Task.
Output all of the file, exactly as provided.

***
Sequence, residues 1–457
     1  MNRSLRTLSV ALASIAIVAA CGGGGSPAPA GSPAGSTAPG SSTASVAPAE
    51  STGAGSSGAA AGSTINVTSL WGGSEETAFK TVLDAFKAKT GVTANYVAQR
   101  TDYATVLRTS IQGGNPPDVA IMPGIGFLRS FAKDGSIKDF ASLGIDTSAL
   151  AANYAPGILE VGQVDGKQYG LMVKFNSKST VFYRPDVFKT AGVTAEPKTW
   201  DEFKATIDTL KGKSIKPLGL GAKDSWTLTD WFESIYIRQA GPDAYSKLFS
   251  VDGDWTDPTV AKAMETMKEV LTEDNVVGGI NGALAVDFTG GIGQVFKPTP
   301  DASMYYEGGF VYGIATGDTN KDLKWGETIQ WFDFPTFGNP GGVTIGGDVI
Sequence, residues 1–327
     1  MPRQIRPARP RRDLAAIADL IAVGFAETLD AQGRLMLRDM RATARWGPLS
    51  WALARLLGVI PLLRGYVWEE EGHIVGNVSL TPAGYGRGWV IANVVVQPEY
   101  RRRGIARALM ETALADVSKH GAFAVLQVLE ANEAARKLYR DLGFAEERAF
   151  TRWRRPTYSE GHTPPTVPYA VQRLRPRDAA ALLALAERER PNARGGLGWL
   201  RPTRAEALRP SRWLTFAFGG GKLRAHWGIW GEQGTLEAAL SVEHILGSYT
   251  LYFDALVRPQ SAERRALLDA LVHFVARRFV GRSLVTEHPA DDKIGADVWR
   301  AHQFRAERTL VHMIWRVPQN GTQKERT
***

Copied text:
Sequence, residues 1–457
     1  MNRSLRTLSV ALASIAIVAA CGGGGSPAPA GSPAGSTAPG SSTASVAPAE
    51  STGAGSSGAA AGSTINVTSL WGGSEETAFK TVLDAFKAKT GVTANYVAQR
   101  TDYATVLRTS IQGGNPPDVA IMPGIGFLRS FAKDGSIKDF ASLGIDTSAL
   151  AANYAPGILE VGQVDGKQYG LMVKFNSKST VFYRPDVFKT AGVTAEPKTW
   201  DEFKATIDTL KGKSIKPLGL GAKDSWTLTD WFESIYIRQA GPDAYSKLFS
   251  VDGDWTDPTV AKAMETMKEV LTEDNVVGGI NGALAVDFTG GIGQVFKPTP
   301  DASMYYEGGF VYGIATGDTN KDLKWGETIQ WFDFPTFGNP GGVTIGGDVI
Sequence, residues 1–327
     1  MPRQIRPARP RRDLAAIADL IAVGFAETLD AQGRLMLRDM RATARWGPLS
    51  WALARLLGVI PLLRGYVWEE EGHIVGNVSL TPAGYGRGWV IANVVVQPEY
   101  RRRGIARALM ETALADVSKH GAFAVLQVLE ANEAARKLYR DLGFAEERAF
   151  TRWRRPTYSE GHTPPTVPYA VQRLRPRDAA ALLALAERER PNARGGLGWL
   201  RPTRAEALRP SRWLTFAFGG GKLRAHWGIW GEQGTLEAAL SVEHILGSYT
   251  LYFDALVRPQ SAERRALLDA LVHFVARRFV GRSLVTEHPA DDKIGADVWR
   301  AHQFRAERTL VHMIWRVPQN GTQKERT